The Clinical Role of Fibrinogen and Fibrin in Peripheral Arterial Disease

Reid, Donald B (1991) The Clinical Role of Fibrinogen and Fibrin in Peripheral Arterial Disease. MD thesis, University of Glasgow.

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Abstract

There is a high incidence of peripheral arterial disease in the West of Scotland associated with atherosclerosis. This may manifest itself as intermittent claudication, ischaemic rest pain, gangrene or in the form of abdominal aortic aneurysm. These patients have a greatly increased risk of thrombotic events not only in the limb arteries but also in the coronary, extracranial and cerebral vessels. Recently there has been increasing interest in the contributions of thrombosis and haemorheology to arterial disease. The aim of this thesis is to investigate the role of fibrinogen, fibrin formation and blood rheology in patients with peripheral arterial disease. Fibrinogen has roles in thrombosis and haemorheology: the conversion of fibrinogen to fibrin is the central event of coagulation and fibrinogen is a determinant of whole blood viscosity through its effects on plasma viscosity and red cell aggregation. Fibrin is degraded by plasmin into fibrin degradation products. Fibrin degradation products (FDP's) can now be measured using a specific monoclonal antibody to the D-dimer of cross-linked FDP's. Cross-linked FDP's are therefore markers of in vivo fibrin formation and lysis. Red cell aggregation is the major determinant of low shear blood viscosity and can now be measured photometrically by a new technique. Fibrinogen, cross-linked FDP's and red cell aggregation were measured in 115 patients with peripheral arterial disease together with other blood factors of haemostasis and blood rheology. Multivariate analysis showed that the increase in plasma fibrinogen in patients with peripheral arterial disease can be explained by the effect of smoking. Cross-linked FDP's were also increased in peripheral arterial disease and were associated with the fibrinogen level. This has not previously been reported and suggests that the increased fibrinogen level may promote fibrin formation. Cross-linked FDP's increased with age, but were not related to smoking habit. Cross-linked FDP's correlated with severity of ischaemia and were highest in patients with abdominal aortic aneurysm. Cross-linked FDP's increased following reconstructive vascular surgery suggesting increased fibrin formation, which, if intravascular, could be detrimental to the patency of vascular grafts. Cross-linked FDP's may be prognostic markers for subsequent vascular graft occlusion and this possibility merits further investigation. Red cell aggregation was also increased in peripheral arterial disease (not previously reported by a photometric method). This may also be related to the increased fibrinogen level. Red cell aggregation was higher in ischaemic rest pain than in intermittent claudication, and was highest in patients with abdominal aortic aneurysm. High red cell aggregation was found in ex or non smokers compared to current smokers. The reason for this is not clear. This study also confirmed the increased levels of plasma viscosity, white cell count and triglyceride and decreased HDL cholesterol found in peripheral arterial disease in other studies. Total cholesterol was not increased in this study. There has been recent interest in the rheological properties of white cells. White cell count was related to the severity of ischaemia, being highest in patients with ischaemic rest pain. White cell count and fibrinogen were also increased by cigarette smoking. Fibrinogen and white cell count are two possible mechanisms through which the effects of smoking could lead to progress of peripheral arterial disease. Fibrinogen is an acute phase reactive protein. The cytokine interleukin-6 regulates hepatic synthesis of fibrinogen in the acute phase response. In order to assess whether interleukin-6 regulates the raised fibrinogen level in peripheral arterial disease, interleukin-6 was measured in 30 patients and found to be significantly increased when compared to controls. This has not been previously reported and is in keeping with an inflammatory process in peripheral arterial disease. Interleukin-6 was not related to smoking habit. Some correlation between interleukin-6 and fibrinogen was found in this study. It is therefore possible that the raised interleukin - 6 level may be one inducer of the raised fibrinogen level in peripheral arterial disease. (Abstract shortened by ProQuest.).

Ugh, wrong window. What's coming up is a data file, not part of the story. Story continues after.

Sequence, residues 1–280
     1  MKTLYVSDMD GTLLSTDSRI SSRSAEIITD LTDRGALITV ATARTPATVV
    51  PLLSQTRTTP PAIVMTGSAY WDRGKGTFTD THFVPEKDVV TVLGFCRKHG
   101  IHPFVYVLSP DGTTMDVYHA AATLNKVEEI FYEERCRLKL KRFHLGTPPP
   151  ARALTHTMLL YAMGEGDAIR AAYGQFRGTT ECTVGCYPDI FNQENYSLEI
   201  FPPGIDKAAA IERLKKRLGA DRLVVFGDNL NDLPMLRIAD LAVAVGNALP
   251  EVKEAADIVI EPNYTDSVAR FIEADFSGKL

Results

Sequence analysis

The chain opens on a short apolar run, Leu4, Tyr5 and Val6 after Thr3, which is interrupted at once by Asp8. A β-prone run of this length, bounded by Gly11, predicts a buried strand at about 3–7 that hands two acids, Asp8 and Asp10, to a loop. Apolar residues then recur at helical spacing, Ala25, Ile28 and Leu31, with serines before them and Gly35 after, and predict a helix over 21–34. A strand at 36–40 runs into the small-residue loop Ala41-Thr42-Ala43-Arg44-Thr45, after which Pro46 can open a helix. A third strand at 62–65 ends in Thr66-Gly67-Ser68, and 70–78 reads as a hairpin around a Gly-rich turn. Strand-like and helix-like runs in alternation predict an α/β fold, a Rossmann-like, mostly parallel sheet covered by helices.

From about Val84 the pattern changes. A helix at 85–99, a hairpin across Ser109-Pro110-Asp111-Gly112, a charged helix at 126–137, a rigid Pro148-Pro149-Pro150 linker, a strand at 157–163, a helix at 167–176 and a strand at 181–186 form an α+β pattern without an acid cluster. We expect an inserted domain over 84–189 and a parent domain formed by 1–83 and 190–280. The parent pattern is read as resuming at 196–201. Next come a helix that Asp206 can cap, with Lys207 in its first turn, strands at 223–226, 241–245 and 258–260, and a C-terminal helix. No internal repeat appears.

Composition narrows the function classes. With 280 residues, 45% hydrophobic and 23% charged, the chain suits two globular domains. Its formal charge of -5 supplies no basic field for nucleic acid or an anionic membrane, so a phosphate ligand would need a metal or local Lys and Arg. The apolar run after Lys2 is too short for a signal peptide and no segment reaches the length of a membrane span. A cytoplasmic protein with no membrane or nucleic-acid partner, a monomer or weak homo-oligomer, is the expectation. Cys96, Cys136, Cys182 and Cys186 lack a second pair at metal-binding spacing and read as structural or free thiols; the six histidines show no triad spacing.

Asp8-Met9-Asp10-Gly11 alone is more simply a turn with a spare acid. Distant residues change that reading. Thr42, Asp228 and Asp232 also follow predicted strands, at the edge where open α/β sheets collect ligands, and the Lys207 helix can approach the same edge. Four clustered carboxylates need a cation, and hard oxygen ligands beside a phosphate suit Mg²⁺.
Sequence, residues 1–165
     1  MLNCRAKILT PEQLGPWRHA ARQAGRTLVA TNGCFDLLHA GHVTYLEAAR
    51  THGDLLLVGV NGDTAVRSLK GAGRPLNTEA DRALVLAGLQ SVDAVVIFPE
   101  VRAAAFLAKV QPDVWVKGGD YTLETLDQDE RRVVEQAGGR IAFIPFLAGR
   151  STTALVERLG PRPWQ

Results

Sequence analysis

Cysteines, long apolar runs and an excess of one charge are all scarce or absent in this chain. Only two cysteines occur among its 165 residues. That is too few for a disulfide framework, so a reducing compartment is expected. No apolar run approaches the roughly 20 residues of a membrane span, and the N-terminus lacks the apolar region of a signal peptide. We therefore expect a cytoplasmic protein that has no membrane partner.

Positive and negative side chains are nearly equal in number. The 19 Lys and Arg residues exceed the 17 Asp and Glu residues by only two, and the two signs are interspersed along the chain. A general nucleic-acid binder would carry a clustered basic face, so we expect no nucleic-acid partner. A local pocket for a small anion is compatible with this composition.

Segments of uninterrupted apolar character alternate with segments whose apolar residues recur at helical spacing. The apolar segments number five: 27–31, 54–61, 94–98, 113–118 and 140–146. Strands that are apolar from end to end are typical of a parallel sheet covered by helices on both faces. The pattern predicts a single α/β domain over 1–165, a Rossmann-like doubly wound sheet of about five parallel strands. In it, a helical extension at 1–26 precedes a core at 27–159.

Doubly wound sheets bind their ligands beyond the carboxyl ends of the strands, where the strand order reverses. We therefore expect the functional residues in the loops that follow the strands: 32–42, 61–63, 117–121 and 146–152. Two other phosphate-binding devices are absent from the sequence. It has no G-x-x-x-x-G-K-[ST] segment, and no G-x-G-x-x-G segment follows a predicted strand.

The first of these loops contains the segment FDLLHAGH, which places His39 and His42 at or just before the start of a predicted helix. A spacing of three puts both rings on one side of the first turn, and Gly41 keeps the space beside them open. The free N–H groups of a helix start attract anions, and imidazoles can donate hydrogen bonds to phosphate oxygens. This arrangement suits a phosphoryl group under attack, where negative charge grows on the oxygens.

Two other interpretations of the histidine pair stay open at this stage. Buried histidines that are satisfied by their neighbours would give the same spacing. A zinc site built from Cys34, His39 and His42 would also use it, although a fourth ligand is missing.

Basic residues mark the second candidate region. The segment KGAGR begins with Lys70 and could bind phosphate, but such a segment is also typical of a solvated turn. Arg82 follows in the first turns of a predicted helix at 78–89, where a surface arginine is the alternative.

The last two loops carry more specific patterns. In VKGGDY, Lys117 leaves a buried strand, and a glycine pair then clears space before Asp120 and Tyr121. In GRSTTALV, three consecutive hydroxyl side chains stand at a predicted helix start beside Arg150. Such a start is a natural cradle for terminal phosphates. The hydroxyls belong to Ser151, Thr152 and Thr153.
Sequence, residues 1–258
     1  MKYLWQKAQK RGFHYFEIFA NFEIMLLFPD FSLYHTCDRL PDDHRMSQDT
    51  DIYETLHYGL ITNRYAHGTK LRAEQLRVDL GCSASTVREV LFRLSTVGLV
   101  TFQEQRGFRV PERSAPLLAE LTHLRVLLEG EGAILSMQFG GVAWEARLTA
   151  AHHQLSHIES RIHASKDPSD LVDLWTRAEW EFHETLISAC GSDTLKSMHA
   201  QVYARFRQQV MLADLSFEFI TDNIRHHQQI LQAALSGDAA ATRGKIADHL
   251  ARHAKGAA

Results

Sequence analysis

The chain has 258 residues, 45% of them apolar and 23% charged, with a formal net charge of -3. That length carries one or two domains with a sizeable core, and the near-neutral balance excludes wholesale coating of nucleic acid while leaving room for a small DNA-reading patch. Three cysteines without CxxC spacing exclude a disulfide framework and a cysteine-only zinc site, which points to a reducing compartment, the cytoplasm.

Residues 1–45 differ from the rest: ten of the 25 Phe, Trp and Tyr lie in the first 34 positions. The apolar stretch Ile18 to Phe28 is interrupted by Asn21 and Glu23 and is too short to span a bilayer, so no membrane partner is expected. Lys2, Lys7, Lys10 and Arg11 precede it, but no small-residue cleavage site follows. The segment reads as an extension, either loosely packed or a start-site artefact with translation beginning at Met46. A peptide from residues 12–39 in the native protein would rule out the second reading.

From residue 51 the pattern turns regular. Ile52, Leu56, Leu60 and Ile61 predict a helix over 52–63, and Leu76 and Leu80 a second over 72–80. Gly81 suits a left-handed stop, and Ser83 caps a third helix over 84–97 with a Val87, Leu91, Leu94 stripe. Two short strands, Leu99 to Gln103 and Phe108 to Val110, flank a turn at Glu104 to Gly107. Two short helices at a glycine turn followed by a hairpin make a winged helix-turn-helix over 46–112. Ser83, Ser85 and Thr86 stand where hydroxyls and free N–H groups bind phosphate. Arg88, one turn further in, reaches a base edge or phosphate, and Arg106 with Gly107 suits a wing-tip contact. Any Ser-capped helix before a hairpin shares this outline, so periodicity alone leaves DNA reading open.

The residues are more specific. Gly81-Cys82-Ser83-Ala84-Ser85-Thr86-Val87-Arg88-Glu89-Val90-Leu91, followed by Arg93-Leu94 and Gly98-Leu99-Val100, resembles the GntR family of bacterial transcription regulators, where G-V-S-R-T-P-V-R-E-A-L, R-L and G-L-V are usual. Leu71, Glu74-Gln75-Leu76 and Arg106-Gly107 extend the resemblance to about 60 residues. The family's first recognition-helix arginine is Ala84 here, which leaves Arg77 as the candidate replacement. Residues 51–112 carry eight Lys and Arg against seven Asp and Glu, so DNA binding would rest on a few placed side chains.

Item Type: Thesis (MD)
Qualification Level: Doctoral
Keywords: Medicine
Date of Award: 1991
Depositing User: Enlighten Team
Unique ID: glathesis:1991-78262
Copyright: Copyright of this thesis is held by the author.
Date Deposited: 28 Feb 2020 12:09
Last Modified: 28 Feb 2020 12:09
URI: http://theses.gla.ac.uk/id/eprint/78262

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